In Korver's essay, he touched on the topics of guilt and responsibility, writing, "And I guess I’ve come to realize that when we talk about solutions to systemic racism — police reform, workplace diversity, affirmative action, better access to health care, even reparations? It’s not about guilt. It’s not about pointing fingers, or passing blame. It’s about responsibility."
The NBA veteran then shared two final thoughts. First, how he feels dealing with problems such as loud hecklers is "easier" to denounce than quieter forms of racism.
"But if we’re really going to make a difference as a league, as a community, and as a country on this issue … it’s like I said — I just think we need to push ourselves another step further," he wrote. "First, by identifying that less visible, less obvious behavior as what it is: racism. And then second, by denouncing that racism — actively, and at every level."
Lastly, Korver left a charge to support black NBA players who speak out on race-related issues.
"This feels like a moment to draw a line in the sand," Korver wrote. "I believe that what’s happening to people of color in this country — right now, in 2019 — is wrong … Time for me to shut up and listen."
Mitchell tweeted: "This is amazing!! I’m honored to have you as my teammate and my brother!! Folks please read and inform yourselves," and added the "100" and praying emojis.
Gobert wrote, "Amazing brother …" with three raised fist emojis of different tones.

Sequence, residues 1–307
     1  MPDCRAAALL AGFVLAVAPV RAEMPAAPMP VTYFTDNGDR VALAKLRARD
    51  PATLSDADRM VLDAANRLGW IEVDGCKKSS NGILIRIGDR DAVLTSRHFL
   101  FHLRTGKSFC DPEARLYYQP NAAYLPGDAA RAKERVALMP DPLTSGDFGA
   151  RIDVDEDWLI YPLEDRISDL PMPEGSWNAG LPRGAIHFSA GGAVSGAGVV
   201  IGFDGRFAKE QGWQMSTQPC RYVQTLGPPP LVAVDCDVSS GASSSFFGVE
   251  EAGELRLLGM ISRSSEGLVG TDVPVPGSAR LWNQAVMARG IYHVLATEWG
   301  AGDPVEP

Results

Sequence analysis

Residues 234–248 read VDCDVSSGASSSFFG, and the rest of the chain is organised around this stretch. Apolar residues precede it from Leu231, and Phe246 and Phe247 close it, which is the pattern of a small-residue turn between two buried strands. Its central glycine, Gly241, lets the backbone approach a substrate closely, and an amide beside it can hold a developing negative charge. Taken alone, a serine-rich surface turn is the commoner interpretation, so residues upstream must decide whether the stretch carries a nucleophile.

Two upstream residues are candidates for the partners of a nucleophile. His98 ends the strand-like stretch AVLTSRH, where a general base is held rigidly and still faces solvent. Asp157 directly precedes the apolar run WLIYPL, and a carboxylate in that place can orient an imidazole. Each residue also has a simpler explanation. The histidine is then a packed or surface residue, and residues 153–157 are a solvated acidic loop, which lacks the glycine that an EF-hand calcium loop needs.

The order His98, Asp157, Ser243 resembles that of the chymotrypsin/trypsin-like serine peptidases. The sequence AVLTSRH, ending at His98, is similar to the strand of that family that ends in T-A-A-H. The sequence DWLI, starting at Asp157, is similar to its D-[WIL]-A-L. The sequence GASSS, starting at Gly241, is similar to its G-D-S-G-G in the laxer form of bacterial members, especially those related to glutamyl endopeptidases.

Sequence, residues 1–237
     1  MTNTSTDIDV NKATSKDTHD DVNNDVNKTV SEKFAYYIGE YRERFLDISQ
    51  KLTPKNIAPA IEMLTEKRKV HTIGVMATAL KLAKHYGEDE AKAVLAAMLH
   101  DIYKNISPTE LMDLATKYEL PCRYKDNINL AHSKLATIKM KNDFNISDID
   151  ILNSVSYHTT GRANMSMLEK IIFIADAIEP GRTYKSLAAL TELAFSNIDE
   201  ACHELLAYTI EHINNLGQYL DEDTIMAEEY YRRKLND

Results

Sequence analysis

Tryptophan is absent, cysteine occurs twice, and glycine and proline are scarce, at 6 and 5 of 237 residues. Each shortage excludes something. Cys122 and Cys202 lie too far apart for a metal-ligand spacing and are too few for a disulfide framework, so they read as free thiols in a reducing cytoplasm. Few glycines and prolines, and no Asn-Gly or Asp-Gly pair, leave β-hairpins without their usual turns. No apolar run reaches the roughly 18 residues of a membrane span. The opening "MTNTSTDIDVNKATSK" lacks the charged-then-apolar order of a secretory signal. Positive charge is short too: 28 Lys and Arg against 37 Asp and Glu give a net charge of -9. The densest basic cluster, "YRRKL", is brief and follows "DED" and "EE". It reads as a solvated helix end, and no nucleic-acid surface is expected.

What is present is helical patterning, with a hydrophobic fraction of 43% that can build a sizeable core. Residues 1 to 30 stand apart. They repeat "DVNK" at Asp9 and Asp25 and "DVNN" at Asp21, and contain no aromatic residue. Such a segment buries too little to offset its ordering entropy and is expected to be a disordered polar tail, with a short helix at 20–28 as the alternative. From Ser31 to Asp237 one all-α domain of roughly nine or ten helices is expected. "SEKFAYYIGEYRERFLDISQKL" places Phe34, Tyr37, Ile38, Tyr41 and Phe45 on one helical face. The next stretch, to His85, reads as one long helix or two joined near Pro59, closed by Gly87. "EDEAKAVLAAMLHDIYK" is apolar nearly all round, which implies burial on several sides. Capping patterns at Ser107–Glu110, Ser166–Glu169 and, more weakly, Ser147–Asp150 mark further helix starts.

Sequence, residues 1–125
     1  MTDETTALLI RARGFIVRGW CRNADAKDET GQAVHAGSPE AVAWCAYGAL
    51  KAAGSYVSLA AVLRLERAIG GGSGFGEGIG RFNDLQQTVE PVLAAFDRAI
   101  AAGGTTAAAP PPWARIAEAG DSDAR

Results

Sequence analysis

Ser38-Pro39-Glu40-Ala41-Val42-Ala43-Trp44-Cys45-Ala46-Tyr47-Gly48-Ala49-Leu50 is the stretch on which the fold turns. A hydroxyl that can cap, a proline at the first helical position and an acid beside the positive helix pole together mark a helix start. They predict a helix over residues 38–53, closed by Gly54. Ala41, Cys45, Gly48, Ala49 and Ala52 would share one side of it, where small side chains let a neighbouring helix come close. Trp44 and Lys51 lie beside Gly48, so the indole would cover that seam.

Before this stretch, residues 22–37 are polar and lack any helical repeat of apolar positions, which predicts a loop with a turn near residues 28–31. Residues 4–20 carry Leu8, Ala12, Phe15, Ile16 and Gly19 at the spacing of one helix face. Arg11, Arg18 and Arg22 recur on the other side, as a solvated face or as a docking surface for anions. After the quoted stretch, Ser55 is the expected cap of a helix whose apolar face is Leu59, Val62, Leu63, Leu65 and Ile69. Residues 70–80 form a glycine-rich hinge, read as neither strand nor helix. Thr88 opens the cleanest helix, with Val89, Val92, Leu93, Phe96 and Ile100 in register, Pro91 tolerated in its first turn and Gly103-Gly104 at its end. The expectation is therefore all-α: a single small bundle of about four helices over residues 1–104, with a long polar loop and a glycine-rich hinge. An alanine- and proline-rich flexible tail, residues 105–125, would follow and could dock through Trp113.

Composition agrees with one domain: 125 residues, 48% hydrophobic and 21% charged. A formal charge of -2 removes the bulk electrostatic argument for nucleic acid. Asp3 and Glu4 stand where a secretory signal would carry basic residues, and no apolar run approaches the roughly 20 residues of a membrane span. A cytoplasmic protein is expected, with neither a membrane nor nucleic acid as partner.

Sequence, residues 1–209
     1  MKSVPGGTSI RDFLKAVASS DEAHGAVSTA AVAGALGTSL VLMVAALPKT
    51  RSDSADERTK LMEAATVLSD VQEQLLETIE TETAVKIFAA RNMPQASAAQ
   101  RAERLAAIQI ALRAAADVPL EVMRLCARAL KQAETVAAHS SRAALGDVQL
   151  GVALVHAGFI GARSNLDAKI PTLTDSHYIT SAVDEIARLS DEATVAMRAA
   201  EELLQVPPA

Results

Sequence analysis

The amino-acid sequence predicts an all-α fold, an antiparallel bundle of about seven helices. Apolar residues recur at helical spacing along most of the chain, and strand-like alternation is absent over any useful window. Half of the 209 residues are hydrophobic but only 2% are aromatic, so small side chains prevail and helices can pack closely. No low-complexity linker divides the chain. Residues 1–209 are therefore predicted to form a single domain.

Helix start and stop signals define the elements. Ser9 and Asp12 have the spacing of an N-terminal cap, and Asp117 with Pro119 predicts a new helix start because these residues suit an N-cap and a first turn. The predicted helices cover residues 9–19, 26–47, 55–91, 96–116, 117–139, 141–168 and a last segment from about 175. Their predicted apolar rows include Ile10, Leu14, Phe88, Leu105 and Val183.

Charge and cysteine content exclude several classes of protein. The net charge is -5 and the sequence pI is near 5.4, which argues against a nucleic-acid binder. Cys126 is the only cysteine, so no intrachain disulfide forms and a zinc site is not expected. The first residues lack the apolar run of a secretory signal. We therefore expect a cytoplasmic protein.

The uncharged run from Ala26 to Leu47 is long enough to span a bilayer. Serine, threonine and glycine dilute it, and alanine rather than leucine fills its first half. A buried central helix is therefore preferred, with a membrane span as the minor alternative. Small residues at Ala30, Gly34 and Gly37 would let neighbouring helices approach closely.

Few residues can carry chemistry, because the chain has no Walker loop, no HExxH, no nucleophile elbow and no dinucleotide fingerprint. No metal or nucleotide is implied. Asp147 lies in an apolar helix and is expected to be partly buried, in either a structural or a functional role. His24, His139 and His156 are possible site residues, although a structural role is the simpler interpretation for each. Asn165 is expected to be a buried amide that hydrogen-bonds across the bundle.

In addition to Korver's essay, the Players' Tribune also produced a 19-minute video of him, Sefolosha and fellow Jazzmen Ekpe Udoh and Georges Niang discussing the March incident and some of the topics in the essay.
The players praised Jazz owner Gail Miller for swiftly banning the fan from the March incident (as well as another because of a previous incident involving Westbrook last season), but Udoh feels even more can be done moving forward.
"I'm appreciative of what they've done. … They finally put their feet down, but if she can create some type of change — she's a wealthy woman, she can hop on the phone with 29 other owners and other sports owners and try to hold them accountable," Udoh said. "Now that she's put herself out there, I think it's up to the players to hold the organization accountable."
Salute my brother!! Means a lot. And like you said I hope people listen, just open your ears and listen. ‼️‼️ https://t.co/qBrd2H27x0— LeBron James (@KingJames) April 8, 2019
Niang also touched on the topic of people holding each other accountable for their actions.
"We're all humans, and this isn't right and we need to learn how to treat each other better," he said. "I think for us, with the platform that we have, we need to educate, hold each other accountable and have these conversations on what this stuff actually means."
Sefolosha echoed that thought, saying, "There's no bad time for a conversation like this. I think especially now it's necessary in a lot of ways."
The video concluded with Korver asking how more people of all races can continue to have conversations about these issues.
"This is what's right," he said. "This is what's good. It feels like in Salt Lake a step was made. I don't know how big a step it is at the end of the day, but there was a step, and there was people that felt responsible, and I think that it's going to be powerful.
"I hope it is."